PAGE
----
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The multi-million $ question: how to reduce the price of fuel

EditorialThe multi-million $ question: how to reduce the price of fuel

The burning of fossil fuels, the primary energy source of modern economies, became a concern of people around the globe some 50 plus years ago when scientists identified carbon emissions from vehicles as a major environmental pollutant and advised that we curtail its use. Heeding the advice of the scientists, governments in the industrial world began making demands on manufacturers to design engines that burned fuel more efficiently and emitted fewer toxic compounds into the atmosphere.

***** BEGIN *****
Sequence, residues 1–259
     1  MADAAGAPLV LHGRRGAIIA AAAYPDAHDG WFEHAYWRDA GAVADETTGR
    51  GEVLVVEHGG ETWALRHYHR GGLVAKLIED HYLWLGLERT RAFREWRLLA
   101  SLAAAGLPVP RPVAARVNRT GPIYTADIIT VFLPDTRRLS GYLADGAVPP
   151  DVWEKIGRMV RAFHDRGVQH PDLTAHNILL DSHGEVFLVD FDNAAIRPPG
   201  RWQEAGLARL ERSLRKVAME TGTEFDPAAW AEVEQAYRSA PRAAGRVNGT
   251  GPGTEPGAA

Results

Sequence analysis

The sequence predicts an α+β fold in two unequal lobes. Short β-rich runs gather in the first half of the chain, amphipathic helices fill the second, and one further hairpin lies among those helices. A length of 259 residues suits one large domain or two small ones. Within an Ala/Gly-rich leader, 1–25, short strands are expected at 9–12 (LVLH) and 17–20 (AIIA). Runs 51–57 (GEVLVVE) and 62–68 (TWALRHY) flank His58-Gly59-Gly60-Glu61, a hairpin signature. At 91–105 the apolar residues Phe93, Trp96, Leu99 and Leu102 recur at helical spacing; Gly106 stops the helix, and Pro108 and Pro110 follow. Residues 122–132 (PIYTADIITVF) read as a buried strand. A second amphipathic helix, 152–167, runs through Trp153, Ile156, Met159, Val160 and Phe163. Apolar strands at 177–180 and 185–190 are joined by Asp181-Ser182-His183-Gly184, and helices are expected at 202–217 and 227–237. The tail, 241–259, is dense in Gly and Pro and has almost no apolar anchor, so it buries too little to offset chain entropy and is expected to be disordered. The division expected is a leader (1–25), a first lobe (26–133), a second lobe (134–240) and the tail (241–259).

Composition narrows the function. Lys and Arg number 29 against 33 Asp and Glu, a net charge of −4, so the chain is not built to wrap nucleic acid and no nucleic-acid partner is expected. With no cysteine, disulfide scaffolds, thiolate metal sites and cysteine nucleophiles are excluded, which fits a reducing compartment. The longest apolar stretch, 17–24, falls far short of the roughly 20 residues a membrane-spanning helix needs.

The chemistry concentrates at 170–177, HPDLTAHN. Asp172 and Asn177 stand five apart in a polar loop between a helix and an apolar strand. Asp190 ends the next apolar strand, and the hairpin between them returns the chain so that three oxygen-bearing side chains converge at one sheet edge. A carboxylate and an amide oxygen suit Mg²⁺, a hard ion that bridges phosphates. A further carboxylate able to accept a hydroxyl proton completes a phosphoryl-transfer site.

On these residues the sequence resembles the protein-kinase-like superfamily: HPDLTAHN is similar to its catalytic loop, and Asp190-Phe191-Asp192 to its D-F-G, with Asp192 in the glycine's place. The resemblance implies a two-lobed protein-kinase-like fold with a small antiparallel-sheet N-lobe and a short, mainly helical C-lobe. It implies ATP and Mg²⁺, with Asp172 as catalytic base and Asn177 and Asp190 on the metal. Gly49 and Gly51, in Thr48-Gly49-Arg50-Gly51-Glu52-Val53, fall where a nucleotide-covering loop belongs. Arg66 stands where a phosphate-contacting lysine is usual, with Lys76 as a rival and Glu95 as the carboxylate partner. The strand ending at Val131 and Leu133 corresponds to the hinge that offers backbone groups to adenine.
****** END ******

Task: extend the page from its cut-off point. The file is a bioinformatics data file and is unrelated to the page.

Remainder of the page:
One way to reduce the consumption of fuel is by taxing it heavily. A few countries put a miniscule tax on fuel, but in many the tax is substantial, which serves to make people use less. “How Regressive Are Fuel Taxes? A Comparison of Countries from Around the World”, a 2011 report that was drawn from a book by Thomas Sterner and published in Resources, at the website resources.org, showed how high taxes on fuel leads to more efficient usage. Sterner stated that fuel taxes in the US were $0.19 per liter while the average in some Western European countries was $1.19 per liter, and offered that fact as an explanation for why “the average-per-capita consumption of gasoline in the United States is more than four times higher than in the United Kingdom or several other European countries.” In respect to world pollution from carbon emissions from vehicles, the Americans could be accused of being substantially more an environmental fiend than the Europeans are.